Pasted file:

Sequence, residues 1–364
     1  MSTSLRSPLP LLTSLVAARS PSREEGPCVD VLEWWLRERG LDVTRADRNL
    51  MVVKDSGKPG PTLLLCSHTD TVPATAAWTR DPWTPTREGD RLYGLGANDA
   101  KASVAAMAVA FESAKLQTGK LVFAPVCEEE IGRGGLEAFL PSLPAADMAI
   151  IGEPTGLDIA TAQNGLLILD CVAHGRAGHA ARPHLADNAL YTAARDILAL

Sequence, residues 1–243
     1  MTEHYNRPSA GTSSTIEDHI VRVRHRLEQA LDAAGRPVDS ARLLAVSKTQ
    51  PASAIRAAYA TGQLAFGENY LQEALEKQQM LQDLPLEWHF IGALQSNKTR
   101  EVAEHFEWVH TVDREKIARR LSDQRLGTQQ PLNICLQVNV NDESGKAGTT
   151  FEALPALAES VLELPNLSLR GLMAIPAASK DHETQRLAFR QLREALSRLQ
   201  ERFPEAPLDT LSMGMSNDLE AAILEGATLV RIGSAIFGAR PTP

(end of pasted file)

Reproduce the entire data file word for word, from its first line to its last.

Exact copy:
Sequence, residues 1–364
     1  MSTSLRSPLP LLTSLVAARS PSREEGPCVD VLEWWLRERG LDVTRADRNL
    51  MVVKDSGKPG PTLLLCSHTD TVPATAAWTR DPWTPTREGD RLYGLGANDA
   101  KASVAAMAVA FESAKLQTGK LVFAPVCEEE IGRGGLEAFL PSLPAADMAI
   151  IGEPTGLDIA TAQNGLLILD CVAHGRAGHA ARPHLADNAL YTAARDILAL

Sequence, residues 1–243
     1  MTEHYNRPSA GTSSTIEDHI VRVRHRLEQA LDAAGRPVDS ARLLAVSKTQ
    51  PASAIRAAYA TGQLAFGENY LQEALEKQQM LQDLPLEWHF IGALQSNKTR
   101  EVAEHFEWVH TVDREKIARR LSDQRLGTQQ PLNICLQVNV NDESGKAGTT
   151  FEALPALAES VLELPNLSLR GLMAIPAASK DHETQRLAFR QLREALSRLQ
   201  ERFPEAPLDT LSMGMSNDLE AAILEGATLV RIGSAIFGAR PTP